Points of Light

April 5, 2011 § Leave a comment

Now reading: The White Guard, by Mikhail Bulgakov.

Half an hour later everything in the room with the falcon had been turned upside down.  A trunk stood on the floor, its padded inner lid wide open.  Elena, looking drawn and serious, wrinkles at the corners of her mouth, was silently packing the trunk with shirts, underclothes and towels.  Kneeling down, Talberg was fumbling with his keys at the bottom drawer of the chest-of-drawers.  Soon the room had the desolate look that comes from the chaos of packing up to go away and, worse, from removing the shade from the lamp.  Never, never take the shade off a lamp.  A lampshade is something sacred.  Scuttle away like a rat from danger and into the unknown.  Read or doze beside your lampshade; let the storm howl outside and wait until they come for you.

That’s early on in The White Guard, before things get really bad, but it’s one of those knockout passages that Bulgakov uncorks every now and then, topping it off with one of his enigmatic, double-edged epigrams.  I was startled to realize, as I kept reading, that it was a very important passage.  Light — lamps — especially electric lights — kept popping up.  More than a motif, a kind of presence.  A metaphor, a character.  The Lights of Kiev.

Monument of St. Vladimir, Kiev, 2008. From lights2008 flickr photostream.

Light bulbs, candles, wood-burning stoves, and electric street lights fight a kind of shadow-war in the novel.  It’s a book, famously, about the irrevocable loss of a certain kind of world, a kind of system of being, to another, new system: the tsarists giving way to the socialists, the Ukrainian nationalists, inevitably the Bolsheviks, amid the swirling confusion of a World War.  And there are these lights, everywhere: these bulbs being turned on and off, and Bulgakov taking the time to mention these things, associate them with certain kinds of actions, certain ways of being.

Wires “snake” from outlets to lamps.  As our young cadet-officer, Nikolka Turbin, struggles to make his way home through the war-ravaged city, “the electric street lamp on the corner was turned on and began to burn with a very faint hiss.”  In a marvelous, grotesque chapter, the syphilitic avant-gardist Rusakov shows his compatriot how to “thrust [his] way upwards to the top” by “Clasping the lamppost” and “wind[ing] his way up it” like a “grass-snake.”

You see what I’m getting at here, though I’m really only scratching the surface (and only highlighting one aspect of the representations of light in the novel).  We’re not so far from The Master and Margarita after all.  I am astonished to find myself believing that Bulgakov’s marvelous encoding of the giant all-seeing eye of Stalin as the sun in that novel did not begin there; no, he built that image out of its beginnings in The White Guard, where light bulbs, especially the unshaded ones, are Satanic.  They change night to day.  The little light bulbs here, at the beginnings of the Soviet Union’s formation, represent the beginnings of the spy-state.  Eventually, adding all of the light bulbs together leads to a spy apparatus the size and scope of the sun: overwhelming, nearly inescapable.   A lampshade is sacred because it represents the individual’s freedom from oppression by the spy-state.  Maybe this is all common knowledge, but it was a revelation to me.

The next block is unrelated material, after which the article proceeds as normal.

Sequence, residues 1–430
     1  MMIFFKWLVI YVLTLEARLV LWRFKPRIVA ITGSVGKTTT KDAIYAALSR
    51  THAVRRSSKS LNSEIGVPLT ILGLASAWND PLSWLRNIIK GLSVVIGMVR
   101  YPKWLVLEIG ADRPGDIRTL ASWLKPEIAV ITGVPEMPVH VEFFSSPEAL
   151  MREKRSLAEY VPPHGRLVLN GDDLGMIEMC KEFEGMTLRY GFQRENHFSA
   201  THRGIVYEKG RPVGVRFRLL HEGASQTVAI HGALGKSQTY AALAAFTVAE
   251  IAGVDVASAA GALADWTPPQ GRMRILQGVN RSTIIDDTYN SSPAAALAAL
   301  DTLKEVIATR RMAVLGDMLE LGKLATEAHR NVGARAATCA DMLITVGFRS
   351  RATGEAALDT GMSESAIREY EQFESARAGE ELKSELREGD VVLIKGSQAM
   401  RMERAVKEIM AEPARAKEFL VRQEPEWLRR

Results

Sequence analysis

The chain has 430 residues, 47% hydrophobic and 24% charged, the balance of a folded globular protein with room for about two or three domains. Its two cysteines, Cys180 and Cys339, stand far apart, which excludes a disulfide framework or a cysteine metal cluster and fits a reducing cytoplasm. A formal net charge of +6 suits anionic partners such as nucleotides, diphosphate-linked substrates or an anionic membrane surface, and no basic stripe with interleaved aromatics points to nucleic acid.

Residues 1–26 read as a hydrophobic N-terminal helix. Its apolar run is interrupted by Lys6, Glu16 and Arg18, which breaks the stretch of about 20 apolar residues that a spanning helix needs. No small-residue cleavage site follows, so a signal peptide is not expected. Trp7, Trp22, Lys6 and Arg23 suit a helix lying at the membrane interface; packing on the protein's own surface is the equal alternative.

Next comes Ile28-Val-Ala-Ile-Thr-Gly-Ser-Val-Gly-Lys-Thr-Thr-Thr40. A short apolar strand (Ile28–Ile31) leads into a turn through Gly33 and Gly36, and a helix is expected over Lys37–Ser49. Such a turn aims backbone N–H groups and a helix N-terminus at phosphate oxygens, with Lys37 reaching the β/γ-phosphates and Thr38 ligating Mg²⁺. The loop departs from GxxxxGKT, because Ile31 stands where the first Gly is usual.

Bulgakov also uses light bulbs as part of a broader thread of images of machinery and technology: field telephones also function as a sort of character.  Things are anthropomorphized (guns, the Turbins’ tiled stove), and people become things (clocks, especially).  But the focus on electric light made me realize how Bulgakov prefigured later use of the bulb as an important symbol, motif, and character.  Two legendary American examples:

-The prologue of Invisible Man: the 1,369 lights in the invisible man’s “hole in the basement,” the electricity stolen from the grid of Monopolated Light & Power “for taking so much of my money before I learned to protect myself,” and to allow him to feel his “vital aliveness.”

Jeff Wall, <i>After Invisible Man by Ralph Ellison, the Preface</i>, 1999-2001

-“The Story of Byron the Bulb,” in Gravity’s Rainbow. As with everything in the book, it’s dense, clotted with meaning, both perverse and hilarious.  The story of an immortal bulb, and the “international light-bulb cartel” that monitors his activities.  Surveillance.  Power.  The individual against the oppressive state.  It’s all happening again…

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